Reversing Urban Decay: Brownfield Redevelopment and Environmental Health. (Guest Editorial)

By Greenberg, Michael R. | Environmental Health Perspectives, February 2003 | Go to article overview

Reversing Urban Decay: Brownfield Redevelopment and Environmental Health. (Guest Editorial)


Greenberg, Michael R., Environmental Health Perspectives


While the United States government concentrates more of its political and financial resources on fighting terrorism, the continuing decay of older cities and industrial suburbs has fallen far down on the national political priority agenda. An exception is the redevelopment of so-called brownfields, which are abandoned, idled, or underutilized factories, railroad yards, bus stations, garages, electricity-generating stations, and other commercial facilities. A modest national government program to identify, clean up, and redevelop brownfields into job fields began during the administration of Bill Clinton and has continued into the George W. Bush administration (Powers et al. 2000; Simons 1998; Van Horn et al. 1999). The political reasons are apparent: Developing brownfields is a politically acceptable method of stimulating private enterprise, local government, and community groups into building new businesses, housing, and community facilities. Also, brownfields projects have a beginning and an end; the national government does not have an indefinite responsibility. In contrast, social assistance programs that grew during the 1960s and proliferated for more than three decades have been politically portrayed by some as give-away programs that build dependency with no ending. Whether this characterization of social programs is morally or empirically justified, the reality is that in today's political environment brownfields redevelopment is a politically acceptable way of helping distressed urban areas.

The national brownfields program has spawned state progeny. States such as Massachusetts, Michigan, New Jersey, and Pennsylvania engage in friendly competition for the bragging rights to the most successful brownfields programs. Likewise, within each state, cities that were formerly known for drug-related homicides, car jackings, and burned-down buildings vie for attention as creators of taxable properties on former brownfields. In 1998, the U.S. Conference of Mayors declared brownfield redevelopment to be their highest priority for federal government support (U.S. Conference of Mayors 2000).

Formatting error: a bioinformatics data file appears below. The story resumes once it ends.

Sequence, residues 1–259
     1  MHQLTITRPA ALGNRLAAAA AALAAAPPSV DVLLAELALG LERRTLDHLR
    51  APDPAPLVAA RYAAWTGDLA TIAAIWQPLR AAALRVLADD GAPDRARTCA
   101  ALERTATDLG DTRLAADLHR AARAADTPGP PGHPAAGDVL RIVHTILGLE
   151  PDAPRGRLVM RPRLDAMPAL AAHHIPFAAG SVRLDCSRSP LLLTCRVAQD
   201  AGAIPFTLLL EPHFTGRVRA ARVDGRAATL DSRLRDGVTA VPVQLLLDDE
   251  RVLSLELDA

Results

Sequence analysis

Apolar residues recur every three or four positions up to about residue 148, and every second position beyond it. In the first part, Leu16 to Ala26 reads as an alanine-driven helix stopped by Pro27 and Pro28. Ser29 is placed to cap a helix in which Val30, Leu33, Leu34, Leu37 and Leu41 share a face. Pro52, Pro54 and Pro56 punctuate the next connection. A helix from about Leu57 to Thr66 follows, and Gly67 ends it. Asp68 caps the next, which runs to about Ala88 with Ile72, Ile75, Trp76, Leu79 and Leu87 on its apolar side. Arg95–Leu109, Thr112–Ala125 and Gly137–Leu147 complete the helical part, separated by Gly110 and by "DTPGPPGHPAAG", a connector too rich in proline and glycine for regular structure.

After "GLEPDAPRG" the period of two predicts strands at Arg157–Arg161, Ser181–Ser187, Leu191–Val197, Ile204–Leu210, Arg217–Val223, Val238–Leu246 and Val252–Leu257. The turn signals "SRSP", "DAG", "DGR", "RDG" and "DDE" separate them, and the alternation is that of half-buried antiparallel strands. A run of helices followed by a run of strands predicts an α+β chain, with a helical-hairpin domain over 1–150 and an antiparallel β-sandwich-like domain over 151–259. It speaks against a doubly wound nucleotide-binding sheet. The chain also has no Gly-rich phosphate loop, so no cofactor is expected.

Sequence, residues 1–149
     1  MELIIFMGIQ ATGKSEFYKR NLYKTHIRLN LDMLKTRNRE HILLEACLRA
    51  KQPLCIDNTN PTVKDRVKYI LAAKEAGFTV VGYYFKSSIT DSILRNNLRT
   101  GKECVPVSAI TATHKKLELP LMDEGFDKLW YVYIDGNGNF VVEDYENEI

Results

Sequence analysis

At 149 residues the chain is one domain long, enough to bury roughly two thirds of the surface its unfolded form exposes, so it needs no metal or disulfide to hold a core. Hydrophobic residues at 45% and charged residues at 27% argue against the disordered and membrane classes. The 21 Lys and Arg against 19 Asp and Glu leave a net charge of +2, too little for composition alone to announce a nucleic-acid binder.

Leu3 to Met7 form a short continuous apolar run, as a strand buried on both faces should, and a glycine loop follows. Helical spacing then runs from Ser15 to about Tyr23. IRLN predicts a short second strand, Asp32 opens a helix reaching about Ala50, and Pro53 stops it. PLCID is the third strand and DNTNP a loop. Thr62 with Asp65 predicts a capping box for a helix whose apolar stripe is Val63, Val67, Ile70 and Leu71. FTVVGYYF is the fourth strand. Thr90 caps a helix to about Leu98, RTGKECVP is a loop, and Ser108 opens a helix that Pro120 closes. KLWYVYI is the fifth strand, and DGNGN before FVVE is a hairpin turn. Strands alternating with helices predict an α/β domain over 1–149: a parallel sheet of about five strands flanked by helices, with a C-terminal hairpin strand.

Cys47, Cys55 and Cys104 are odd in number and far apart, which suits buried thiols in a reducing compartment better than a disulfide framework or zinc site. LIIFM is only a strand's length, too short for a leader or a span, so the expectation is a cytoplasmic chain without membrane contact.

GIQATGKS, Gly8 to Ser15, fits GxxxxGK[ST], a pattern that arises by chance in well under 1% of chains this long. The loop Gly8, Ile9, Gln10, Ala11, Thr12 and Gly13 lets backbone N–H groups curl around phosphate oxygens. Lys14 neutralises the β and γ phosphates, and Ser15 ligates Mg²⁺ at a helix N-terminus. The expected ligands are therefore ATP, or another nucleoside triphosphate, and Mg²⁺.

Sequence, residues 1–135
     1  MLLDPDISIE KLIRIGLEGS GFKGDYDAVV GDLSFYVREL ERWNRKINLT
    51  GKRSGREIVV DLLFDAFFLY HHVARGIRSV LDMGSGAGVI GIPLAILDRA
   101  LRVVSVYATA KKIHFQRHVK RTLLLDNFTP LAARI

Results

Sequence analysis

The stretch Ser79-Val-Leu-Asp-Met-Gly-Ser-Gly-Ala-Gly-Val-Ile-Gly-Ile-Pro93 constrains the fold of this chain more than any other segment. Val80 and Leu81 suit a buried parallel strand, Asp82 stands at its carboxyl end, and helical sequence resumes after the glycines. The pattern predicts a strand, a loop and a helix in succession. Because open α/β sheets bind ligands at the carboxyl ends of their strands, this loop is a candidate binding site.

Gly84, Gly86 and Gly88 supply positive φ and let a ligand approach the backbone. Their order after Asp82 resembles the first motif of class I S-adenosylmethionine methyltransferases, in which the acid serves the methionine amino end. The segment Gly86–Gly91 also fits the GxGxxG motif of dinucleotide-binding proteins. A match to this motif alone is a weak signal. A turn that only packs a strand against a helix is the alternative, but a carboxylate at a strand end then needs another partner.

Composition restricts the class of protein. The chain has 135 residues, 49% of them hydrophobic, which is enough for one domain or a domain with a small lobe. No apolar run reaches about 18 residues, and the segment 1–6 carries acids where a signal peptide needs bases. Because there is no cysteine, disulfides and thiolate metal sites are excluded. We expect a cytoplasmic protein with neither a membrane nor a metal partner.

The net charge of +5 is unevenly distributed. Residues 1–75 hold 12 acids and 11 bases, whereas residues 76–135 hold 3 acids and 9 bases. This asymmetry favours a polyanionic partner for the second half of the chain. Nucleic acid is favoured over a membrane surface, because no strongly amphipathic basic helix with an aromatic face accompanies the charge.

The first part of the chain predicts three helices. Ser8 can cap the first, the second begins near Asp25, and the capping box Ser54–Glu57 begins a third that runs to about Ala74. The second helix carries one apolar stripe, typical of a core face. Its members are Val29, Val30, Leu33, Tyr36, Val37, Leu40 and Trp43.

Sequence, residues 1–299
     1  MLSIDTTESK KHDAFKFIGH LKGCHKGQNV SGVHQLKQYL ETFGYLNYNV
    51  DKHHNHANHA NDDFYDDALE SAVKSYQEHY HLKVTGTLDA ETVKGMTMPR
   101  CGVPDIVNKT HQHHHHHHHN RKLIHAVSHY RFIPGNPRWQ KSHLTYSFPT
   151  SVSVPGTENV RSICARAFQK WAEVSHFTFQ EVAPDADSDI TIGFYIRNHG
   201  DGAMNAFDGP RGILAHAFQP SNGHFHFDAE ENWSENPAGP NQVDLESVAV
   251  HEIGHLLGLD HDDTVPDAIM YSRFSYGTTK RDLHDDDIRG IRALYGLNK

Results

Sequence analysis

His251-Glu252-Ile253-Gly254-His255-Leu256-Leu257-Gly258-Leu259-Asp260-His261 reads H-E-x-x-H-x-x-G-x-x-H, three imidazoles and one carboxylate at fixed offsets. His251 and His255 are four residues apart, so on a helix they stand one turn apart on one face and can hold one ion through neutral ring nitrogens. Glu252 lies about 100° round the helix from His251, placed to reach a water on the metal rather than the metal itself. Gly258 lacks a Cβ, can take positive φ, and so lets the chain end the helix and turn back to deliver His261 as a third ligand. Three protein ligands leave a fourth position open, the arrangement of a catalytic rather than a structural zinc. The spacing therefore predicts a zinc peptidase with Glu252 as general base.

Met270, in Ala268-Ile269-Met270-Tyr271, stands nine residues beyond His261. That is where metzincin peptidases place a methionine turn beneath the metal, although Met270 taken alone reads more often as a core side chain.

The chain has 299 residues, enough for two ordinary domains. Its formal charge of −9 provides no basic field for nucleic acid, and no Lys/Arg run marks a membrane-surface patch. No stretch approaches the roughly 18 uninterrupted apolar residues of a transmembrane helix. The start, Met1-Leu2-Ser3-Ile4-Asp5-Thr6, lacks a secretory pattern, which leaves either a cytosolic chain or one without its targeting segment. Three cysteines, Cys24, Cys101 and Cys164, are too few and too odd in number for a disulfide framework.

Public support appears to be strong because the U.S. public views brownfields redevelopment as a way to rebuild cities and reduce sprawl. For example, a November 2000 survey of 779 New Jersey residents found that 44% considered sprawl a "big" problem, and another 26% considered it a problem. More than one-half of these respondents believed that brownfields redevelopment is a viable solution for urban redevelopment and as a device to control sprawl. Furthermore, 14% of these respondents said that they were planning to move during the next 5 years and would be willing to live on a cleaned up brownfield site. Notably, most of these people were looking for small houses and bigger apartments, and without brown fields redevelopment they will move to suburbs to find them, which will further sprawl (Greenberg et al. 2001).

Even the normally skeptical mass media have supported brownfields redevelopment. A review of 160 newspaper articles in cities from Boston, Massachusetts, to San Francisco, California, and from Minneapolis, Minnesota, to New Orleans, Louisiana, showed that reporters consider brownfields programs a major improvement over the Superfund program, which they portray as having scared investors away from urban redevelopment (Greenberg and Lowrie 1999).

Health scientists who engage in brownfield redevelopment face three challenges. The first is time and financial pressure. For every brownfields site that is on 10 or more acres, is well located with respect to transportation and other infrastructure, and will host a redevelopment of [greater than or equal to] $100 million, there will be 20 or more that will be on less than 3-acre sites located in an unfavorable location that has little obvious appeal to private investors. Federal and state governments will have to induce private and local government investments by providing tax breaks and starter money, including some subsidy of pollution cleanup costs.

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Reversing Urban Decay: Brownfield Redevelopment and Environmental Health. (Guest Editorial)
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